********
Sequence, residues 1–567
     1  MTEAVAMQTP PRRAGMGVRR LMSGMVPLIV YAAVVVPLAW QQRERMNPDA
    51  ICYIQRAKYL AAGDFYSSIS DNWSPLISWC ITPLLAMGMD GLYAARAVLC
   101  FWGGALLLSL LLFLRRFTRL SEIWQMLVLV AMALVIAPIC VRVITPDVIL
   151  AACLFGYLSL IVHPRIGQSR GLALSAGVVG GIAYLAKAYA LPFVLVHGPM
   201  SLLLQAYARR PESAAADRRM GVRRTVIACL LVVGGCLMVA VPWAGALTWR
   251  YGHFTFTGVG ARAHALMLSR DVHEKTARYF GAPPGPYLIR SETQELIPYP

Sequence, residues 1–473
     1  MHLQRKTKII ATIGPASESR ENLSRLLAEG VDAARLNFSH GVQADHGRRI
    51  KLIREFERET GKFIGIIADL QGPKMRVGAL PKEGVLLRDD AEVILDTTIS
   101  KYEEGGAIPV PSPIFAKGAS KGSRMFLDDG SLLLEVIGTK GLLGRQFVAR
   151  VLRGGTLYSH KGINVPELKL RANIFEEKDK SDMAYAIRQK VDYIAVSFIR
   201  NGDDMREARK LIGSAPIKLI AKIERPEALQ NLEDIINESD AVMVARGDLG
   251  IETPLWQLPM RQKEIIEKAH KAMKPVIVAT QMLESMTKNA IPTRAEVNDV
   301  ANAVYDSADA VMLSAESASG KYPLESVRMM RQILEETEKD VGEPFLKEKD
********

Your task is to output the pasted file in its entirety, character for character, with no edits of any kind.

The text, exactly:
Sequence, residues 1–567
     1  MTEAVAMQTP PRRAGMGVRR LMSGMVPLIV YAAVVVPLAW QQRERMNPDA
    51  ICYIQRAKYL AAGDFYSSIS DNWSPLISWC ITPLLAMGMD GLYAARAVLC
   101  FWGGALLLSL LLFLRRFTRL SEIWQMLVLV AMALVIAPIC VRVITPDVIL
   151  AACLFGYLSL IVHPRIGQSR GLALSAGVVG GIAYLAKAYA LPFVLVHGPM
   201  SLLLQAYARR PESAAADRRM GVRRTVIACL LVVGGCLMVA VPWAGALTWR
   251  YGHFTFTGVG ARAHALMLSR DVHEKTARYF GAPPGPYLIR SETQELIPYP

Sequence, residues 1–473
     1  MHLQRKTKII ATIGPASESR ENLSRLLAEG VDAARLNFSH GVQADHGRRI
    51  KLIREFERET GKFIGIIADL QGPKMRVGAL PKEGVLLRDD AEVILDTTIS
   101  KYEEGGAIPV PSPIFAKGAS KGSRMFLDDG SLLLEVIGTK GLLGRQFVAR
   151  VLRGGTLYSH KGINVPELKL RANIFEEKDK SDMAYAIRQK VDYIAVSFIR
   201  NGDDMREARK LIGSAPIKLI AKIERPEALQ NLEDIINESD AVMVARGDLG
   251  IETPLWQLPM RQKEIIEKAH KAMKPVIVAT QMLESMTKNA IPTRAEVNDV
   301  ANAVYDSADA VMLSAESASG KYPLESVRMM RQILEETEKD VGEPFLKEKD